Saturday, June 7, 2008

That Sounds Fair!

score_tjpg_woodard This article was written by Carl Woodard, SCORE Orange County Second Vice Chairman

Effective marketing may take many forms as you strive to maximize your small business success. There is a constant challenge to build a solid base of potential customers and much is written about new methods to reach them. Often overlooked, however, is the methodology to keep your customer base fresh.

Many businesses thrive with a well designed web site, while others continue buying large mailing lists, only to find that a portion of the costly list is outdated and the residents have moved. Let’s focus on one simple method that has been around for decades and will guarantee that you meet your target audience and have fun while you do. This works well for service businesses, as well as for those of you who sell crafts and specialty foods…. Have you been to the fair lately?

State and local fairs are plentiful and one comes to a location near you every year, generally in the fall. Attendees live locally and are relaxed and having fun while there. Why not benefit from their casual mood and possibly gain a new long-term customer? With proper planning, you can be there this year!

Here are some things to keep in mind as you prepare:

First, contact the local group that arranges the fair each year and check prices. Costs vary by size and locale, as well as by your booth size and location within the exhibit area. Remember to divide the cost by the number of people you will meet and you will see a real value.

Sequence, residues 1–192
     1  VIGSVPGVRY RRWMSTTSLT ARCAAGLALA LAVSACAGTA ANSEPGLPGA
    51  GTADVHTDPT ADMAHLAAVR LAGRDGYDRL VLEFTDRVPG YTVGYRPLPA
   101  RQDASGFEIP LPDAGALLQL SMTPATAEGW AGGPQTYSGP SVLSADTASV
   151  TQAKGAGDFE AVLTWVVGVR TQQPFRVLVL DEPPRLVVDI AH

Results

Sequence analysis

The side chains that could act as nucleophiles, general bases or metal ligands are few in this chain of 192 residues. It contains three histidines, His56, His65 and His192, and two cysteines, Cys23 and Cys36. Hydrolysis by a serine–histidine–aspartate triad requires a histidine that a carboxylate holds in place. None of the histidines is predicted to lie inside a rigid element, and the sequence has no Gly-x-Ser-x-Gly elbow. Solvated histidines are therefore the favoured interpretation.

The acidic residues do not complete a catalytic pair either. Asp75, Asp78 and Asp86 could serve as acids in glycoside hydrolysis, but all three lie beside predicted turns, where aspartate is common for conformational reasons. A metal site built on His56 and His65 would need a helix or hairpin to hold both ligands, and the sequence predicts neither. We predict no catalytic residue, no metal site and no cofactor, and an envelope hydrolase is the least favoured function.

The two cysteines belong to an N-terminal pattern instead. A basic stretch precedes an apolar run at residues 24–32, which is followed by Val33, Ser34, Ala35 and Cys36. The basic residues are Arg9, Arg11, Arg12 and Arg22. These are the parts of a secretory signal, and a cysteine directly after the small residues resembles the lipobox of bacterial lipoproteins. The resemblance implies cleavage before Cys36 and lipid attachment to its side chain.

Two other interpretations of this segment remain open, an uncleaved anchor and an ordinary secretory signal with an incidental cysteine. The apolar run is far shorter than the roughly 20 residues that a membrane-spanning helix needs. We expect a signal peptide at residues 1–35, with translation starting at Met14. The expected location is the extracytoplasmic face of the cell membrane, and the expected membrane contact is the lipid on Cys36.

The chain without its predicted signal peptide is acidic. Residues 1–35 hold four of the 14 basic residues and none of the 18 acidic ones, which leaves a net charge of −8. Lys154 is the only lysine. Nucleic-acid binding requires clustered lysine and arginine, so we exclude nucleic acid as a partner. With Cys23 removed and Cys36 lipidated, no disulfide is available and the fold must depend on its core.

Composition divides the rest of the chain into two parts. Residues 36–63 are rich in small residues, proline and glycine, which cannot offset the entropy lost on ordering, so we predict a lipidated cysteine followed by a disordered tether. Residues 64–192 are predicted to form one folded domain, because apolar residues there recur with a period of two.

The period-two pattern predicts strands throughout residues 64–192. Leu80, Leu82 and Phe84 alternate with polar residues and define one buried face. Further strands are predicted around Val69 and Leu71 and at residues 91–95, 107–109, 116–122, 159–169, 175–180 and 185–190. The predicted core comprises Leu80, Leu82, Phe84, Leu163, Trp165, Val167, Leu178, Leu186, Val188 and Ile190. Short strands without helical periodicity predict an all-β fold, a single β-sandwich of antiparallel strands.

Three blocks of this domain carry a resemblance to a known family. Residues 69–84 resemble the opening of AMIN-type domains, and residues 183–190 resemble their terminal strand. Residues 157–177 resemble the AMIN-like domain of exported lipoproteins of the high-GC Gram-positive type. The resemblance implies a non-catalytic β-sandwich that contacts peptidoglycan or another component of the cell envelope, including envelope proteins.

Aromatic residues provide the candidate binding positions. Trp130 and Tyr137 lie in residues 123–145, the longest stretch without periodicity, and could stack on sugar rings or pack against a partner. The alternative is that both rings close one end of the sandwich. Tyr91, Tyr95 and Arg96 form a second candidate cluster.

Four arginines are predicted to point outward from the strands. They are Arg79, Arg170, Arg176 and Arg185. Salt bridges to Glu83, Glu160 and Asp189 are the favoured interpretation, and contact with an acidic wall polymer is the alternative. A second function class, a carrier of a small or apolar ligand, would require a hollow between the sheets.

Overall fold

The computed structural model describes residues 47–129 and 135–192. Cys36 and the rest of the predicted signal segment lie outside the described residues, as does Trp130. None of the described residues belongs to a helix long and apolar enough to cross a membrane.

Be with similar companies … Home repair with other home repair. Food with food, etc. and buy a space at the intersection of aisles, if you can. That way you get attention from all directions.

Next you will need an attractive booth area. Make it easy to approach. Use giveaway items as incentives for the curious. These can vary from simple, individually wrapped candies to key chains, letter openers or pens to larger offers such as sweepstakes, games, discount opportunities (fair specials), etc. If you want people to return often, give away prizes every hour with the winner required to be present. Here is your big opportunity….have a method for each and every visitor to fill out a card with name, address, phone number and email address. Record these fresh contacts in your active data base of potential customers. After all, this is the reason you came and here is your payoff!

Have sales brochures that fully describe what you are selling and present them with a big smile. Meet and greet! Give out cards that clearly show how to contact you.

Participation in a fair has some challenges that you need to be ready for. You must realize that a two-week event requires your company to have a representative there at all times, including night security if you leave merchandise on location. Standing (never sit down) can be tiring for those on duty and the weather can be warm and humid. But, your customer must see only a big warm smile.